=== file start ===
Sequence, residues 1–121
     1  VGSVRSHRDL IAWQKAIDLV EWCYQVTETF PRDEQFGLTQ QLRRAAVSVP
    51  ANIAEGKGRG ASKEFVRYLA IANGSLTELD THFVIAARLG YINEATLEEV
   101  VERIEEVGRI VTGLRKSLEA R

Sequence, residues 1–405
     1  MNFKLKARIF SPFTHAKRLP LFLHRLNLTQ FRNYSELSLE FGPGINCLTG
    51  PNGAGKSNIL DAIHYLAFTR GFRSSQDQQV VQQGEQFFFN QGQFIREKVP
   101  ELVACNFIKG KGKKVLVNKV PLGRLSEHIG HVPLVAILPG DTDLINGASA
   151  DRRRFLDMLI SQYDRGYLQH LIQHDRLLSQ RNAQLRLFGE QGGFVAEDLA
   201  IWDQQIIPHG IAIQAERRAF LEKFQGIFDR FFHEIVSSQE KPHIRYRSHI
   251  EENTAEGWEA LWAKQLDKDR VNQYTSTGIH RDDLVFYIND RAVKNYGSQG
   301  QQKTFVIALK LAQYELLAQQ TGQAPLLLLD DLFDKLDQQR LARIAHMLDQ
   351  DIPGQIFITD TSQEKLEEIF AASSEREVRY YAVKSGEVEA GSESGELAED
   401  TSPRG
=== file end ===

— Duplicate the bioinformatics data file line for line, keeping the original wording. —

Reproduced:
Sequence, residues 1–121
     1  VGSVRSHRDL IAWQKAIDLV EWCYQVTETF PRDEQFGLTQ QLRRAAVSVP
    51  ANIAEGKGRG ASKEFVRYLA IANGSLTELD THFVIAARLG YINEATLEEV
   101  VERIEEVGRI VTGLRKSLEA R

Sequence, residues 1–405
     1  MNFKLKARIF SPFTHAKRLP LFLHRLNLTQ FRNYSELSLE FGPGINCLTG
    51  PNGAGKSNIL DAIHYLAFTR GFRSSQDQQV VQQGEQFFFN QGQFIREKVP
   101  ELVACNFIKG KGKKVLVNKV PLGRLSEHIG HVPLVAILPG DTDLINGASA
   151  DRRRFLDMLI SQYDRGYLQH LIQHDRLLSQ RNAQLRLFGE QGGFVAEDLA
   201  IWDQQIIPHG IAIQAERRAF LEKFQGIFDR FFHEIVSSQE KPHIRYRSHI
   251  EENTAEGWEA LWAKQLDKDR VNQYTSTGIH RDDLVFYIND RAVKNYGSQG
   301  QQKTFVIALK LAQYELLAQQ TGQAPLLLLD DLFDKLDQQR LARIAHMLDQ
   351  DIPGQIFITD TSQEKLEEIF AASSEREVRY YAVKSGEVEA GSESGELAED
   401  TSPRG